Urgent message for USAA customer
Urgent message from USAA
Urgent notification from customer service
urgent notification
Urgent security notification
USAA customer service informs you
USAA customer service team informs you
USAA customer service: account notification
USAA customer service: important information
USAA customer service: important message
USAA customer service: important notification
USAA customer service: important security update
USAA customer service: instructions for customer
USAA customer service: new online form released
USAA customer service: notification
USAA customer service: official information
USAA customer service: official update
USAA customer service: security alert
USAA customer service: security issues
USAA customer service: service message
USAA customer service: urgent notification
USAA notification
USAA online form
USAA reminder: notification
USAA reminder: online form
USAA reminder: please complete online form
USAA security upgrade
USAA: alert - online form released
USAA: customer alert
USAA: important announce
USAA: important information
USAA: important message
USAA: important notification
USAA: important security update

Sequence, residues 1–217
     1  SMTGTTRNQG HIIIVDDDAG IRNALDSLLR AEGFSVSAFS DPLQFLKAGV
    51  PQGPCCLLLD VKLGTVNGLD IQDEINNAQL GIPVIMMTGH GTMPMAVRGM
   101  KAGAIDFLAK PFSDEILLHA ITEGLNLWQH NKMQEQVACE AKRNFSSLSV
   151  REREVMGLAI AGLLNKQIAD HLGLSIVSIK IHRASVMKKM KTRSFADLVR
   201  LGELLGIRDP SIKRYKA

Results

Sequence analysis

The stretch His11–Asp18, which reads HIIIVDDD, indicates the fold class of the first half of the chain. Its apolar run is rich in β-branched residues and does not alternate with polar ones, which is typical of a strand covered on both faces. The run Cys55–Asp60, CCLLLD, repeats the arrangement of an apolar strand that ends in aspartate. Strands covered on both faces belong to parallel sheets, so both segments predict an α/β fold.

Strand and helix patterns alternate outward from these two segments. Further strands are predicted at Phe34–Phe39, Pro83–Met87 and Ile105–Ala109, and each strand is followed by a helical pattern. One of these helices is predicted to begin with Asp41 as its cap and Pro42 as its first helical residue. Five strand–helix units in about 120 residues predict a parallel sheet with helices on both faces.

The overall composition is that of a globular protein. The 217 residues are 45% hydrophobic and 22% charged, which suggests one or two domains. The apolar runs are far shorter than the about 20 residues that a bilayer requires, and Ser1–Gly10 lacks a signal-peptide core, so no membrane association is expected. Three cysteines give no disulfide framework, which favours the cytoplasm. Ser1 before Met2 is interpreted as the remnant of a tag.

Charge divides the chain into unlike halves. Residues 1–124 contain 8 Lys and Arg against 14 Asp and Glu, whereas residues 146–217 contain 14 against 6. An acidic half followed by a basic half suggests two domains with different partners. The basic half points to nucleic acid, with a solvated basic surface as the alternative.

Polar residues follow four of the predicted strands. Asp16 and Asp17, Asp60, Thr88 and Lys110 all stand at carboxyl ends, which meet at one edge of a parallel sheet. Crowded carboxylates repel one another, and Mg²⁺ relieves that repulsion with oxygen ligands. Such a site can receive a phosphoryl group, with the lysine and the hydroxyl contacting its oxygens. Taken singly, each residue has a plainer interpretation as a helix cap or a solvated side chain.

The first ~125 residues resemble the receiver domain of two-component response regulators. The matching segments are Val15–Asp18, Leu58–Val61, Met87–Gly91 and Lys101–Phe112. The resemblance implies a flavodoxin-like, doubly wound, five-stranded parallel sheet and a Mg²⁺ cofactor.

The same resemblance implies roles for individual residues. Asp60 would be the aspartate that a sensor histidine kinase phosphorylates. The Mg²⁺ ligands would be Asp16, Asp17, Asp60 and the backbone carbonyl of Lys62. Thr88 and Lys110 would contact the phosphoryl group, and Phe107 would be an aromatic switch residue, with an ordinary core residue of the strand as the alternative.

USAA: instructions for customer
USAA: notification
USAA: online form released
USAA: security alert
USAA: security issues
USAA: service message
USAA: software updating
USAA: urgent message
USAA: urgent notification
USAA: urgent security notification
we have released new version of USAA form

The subject lines are uniqued by adding either a Timestamp, a Message ID, a Reference Number. So, for example, the base subject "Account notification: security alert" was received with many patterns, including:

Account notification: security alert [message id: 6411033822]
Account notification: security alert [message id: 8829877625]
Account notification: security alert
account notification: security alert [message ref: 1976348562]
Account notification: security alert [message ref: 2573324226]